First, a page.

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For instance, two keys are used to encrypt a plain text and the same keys are used to decrypt the encrypted message or the cipher-text, regardless of the order of how keys are used in encrypting or decrypting a message.As per my understanding it seems like a symmetric cryptography scheme should be used because the same keys are used to encrypt and decrypt the message, but I am not sure if the order of key usage matters or not. Is there a different scheme which should/can be used for this example? Thanks for your answers in advance!

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As per my understanding it seems like a symmetric cryptography scheme should be used because the same keys are used to encrypt and decrypt the message, but I am not sure if the order of key usage matters or no

If I am reading this correctly, you should use either (1) a stream cipher since the encryption is an XOR with the key stream; or (2) a block cipher whose mode performs a XOR with the plain text. You might need to ensure the block cipher always uses the forward transformation of the cipher for both encryption and decryption (for example, CTR mode).

The tricky thing here is to avoid forming a group. That is, you don't want something such that E_1(E_2(m)) == E_3(m). I think its easy to form a group using (1) and (2) above. If you go with a block cipher in a mode like CBC (e.g., 3-key TDEA or triple-DES), then you won't form a group. But you won't get that associativity property you are looking for either.

You could probably do it with public key cryptography too. But you would probably need to choose, for example, one of the RSA exponents to be 1 so its the identity function. There's some other things you could do in RSA, but you're likely to have something equivalent to the identity element to ensure the pre-image and image are within bounds of the resulting composite modulus.

Damien_The_Unbeliever had a good suggestion: move this over to crypto.stackexchange.com. There's a lot of talent in that exchange.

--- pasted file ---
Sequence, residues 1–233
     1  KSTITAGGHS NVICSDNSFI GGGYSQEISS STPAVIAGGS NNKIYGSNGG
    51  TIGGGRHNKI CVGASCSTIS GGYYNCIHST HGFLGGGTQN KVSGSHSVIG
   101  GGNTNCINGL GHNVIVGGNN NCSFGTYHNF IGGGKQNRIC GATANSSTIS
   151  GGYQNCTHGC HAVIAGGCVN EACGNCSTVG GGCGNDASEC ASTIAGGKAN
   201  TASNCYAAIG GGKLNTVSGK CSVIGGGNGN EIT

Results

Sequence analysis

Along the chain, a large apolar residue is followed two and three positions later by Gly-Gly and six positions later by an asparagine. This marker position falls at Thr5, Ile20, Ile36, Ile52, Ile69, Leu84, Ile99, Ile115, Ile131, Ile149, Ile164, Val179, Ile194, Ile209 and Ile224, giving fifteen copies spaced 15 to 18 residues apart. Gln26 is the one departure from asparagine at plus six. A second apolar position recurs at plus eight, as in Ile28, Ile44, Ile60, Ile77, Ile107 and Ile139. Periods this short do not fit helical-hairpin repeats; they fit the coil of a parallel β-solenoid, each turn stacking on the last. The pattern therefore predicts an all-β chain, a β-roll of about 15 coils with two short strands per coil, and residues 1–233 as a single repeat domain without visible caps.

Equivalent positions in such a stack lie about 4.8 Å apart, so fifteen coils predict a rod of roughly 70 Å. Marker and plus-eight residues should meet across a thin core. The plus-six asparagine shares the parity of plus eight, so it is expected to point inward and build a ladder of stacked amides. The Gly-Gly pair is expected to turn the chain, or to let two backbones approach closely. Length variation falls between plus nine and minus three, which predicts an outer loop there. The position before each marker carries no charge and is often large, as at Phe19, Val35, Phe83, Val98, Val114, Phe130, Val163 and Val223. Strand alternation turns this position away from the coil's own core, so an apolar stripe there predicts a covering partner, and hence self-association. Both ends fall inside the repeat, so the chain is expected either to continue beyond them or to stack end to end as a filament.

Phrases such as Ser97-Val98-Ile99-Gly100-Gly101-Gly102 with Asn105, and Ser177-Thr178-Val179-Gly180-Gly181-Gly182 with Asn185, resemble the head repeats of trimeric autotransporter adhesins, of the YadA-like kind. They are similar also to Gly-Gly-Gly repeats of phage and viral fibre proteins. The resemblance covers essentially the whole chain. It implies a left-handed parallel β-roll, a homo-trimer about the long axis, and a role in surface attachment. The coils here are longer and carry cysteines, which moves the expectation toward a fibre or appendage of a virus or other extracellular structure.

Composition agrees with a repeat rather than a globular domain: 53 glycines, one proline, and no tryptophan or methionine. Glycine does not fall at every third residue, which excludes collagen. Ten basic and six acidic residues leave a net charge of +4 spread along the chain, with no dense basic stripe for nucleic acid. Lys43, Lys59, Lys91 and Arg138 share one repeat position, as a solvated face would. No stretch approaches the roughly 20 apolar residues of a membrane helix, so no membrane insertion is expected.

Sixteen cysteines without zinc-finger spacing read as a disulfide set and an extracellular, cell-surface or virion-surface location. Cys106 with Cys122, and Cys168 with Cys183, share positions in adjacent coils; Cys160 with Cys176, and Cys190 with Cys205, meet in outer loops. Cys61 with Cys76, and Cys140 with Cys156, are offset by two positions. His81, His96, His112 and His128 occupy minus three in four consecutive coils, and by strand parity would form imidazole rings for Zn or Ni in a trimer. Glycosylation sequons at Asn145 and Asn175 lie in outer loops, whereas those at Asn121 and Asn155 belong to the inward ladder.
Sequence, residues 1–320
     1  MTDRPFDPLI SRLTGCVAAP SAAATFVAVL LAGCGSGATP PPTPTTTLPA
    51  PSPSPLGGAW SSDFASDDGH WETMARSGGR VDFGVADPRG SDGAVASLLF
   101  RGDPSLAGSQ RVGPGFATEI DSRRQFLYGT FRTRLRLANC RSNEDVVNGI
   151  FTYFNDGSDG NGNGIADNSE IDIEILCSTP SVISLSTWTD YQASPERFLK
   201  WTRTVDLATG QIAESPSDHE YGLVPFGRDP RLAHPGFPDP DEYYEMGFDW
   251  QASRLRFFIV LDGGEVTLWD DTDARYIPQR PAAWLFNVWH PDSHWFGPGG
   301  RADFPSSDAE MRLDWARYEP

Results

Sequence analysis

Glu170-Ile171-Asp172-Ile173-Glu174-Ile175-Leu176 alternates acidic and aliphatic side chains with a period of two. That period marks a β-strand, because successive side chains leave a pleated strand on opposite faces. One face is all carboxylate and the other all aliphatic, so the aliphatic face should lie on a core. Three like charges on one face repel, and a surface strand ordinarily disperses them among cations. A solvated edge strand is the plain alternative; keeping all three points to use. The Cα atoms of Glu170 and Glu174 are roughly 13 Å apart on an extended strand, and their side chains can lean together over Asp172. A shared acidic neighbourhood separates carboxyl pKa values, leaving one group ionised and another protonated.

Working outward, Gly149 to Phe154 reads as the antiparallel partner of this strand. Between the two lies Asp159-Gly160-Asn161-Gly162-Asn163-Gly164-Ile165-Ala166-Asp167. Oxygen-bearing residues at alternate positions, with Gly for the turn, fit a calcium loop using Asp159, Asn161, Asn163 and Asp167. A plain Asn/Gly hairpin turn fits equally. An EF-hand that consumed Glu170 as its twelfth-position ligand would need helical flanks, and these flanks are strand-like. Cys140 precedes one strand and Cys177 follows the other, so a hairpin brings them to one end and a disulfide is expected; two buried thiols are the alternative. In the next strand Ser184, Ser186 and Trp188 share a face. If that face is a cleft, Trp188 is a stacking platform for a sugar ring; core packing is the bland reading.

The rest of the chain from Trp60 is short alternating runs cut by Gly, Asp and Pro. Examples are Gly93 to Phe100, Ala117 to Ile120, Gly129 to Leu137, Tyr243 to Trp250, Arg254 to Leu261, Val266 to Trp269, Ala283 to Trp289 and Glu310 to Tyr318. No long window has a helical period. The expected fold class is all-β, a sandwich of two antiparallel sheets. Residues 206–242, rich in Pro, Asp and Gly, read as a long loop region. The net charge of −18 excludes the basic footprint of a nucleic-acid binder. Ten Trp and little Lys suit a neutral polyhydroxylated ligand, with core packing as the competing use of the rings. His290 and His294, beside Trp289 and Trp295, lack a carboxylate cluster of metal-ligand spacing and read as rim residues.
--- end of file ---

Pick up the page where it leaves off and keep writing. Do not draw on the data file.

• XOR works but doesn't offer security. There are a couple of modular exponentiation based constructions which fit the OP's requirements and are secure. – CodesInChaos Mar 28 '14 at 9:35
  • CodesInChaos - not sure what you mean about XOR. Is it a general comment about stream ciphers? At worst, the two operations would form a group so you essentially have a single stream cipher using a single key. Or am I missing something? – jww Mar 28 '14 at 9:39
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    Stream ciphers are not secure when used in the context of commutative encryption because an attacker who learns all of P xor K1, P xor K2 and P xor K1 xor K2 can solve this for P. An attacker learns these when the cipher is used in the three-pass protocol which is the stereotypical application of commutative encryption. – CodesInChaos Mar 28 '14 at 9:47
  • Will that condition ever arise? The attacker only gets to see P xor K1 xor K2. Saying he gets to see it all is like saying an attacker can recover the plain text if they get the cipher text and key. – jww Mar 28 '14 at 9:50
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    Then why do you need commutative encryption in the first place? Typically you'd with Alice having the plaintext, encrypting it, sending it to Bob (so eve sees P xor KA) Bob encrypts it again and sends it back (Eve sees P xor KA xor KB) and Alice decrypts it and sends it to bob again (Eve sees P xor KB) and Bob now decrypts the message. This kind of protocol is secure with Shamir's scheme, but not with XOR. Read the wikipedia page I linked for additional information. – CodesInChaos Mar 28 '14 at 10:24

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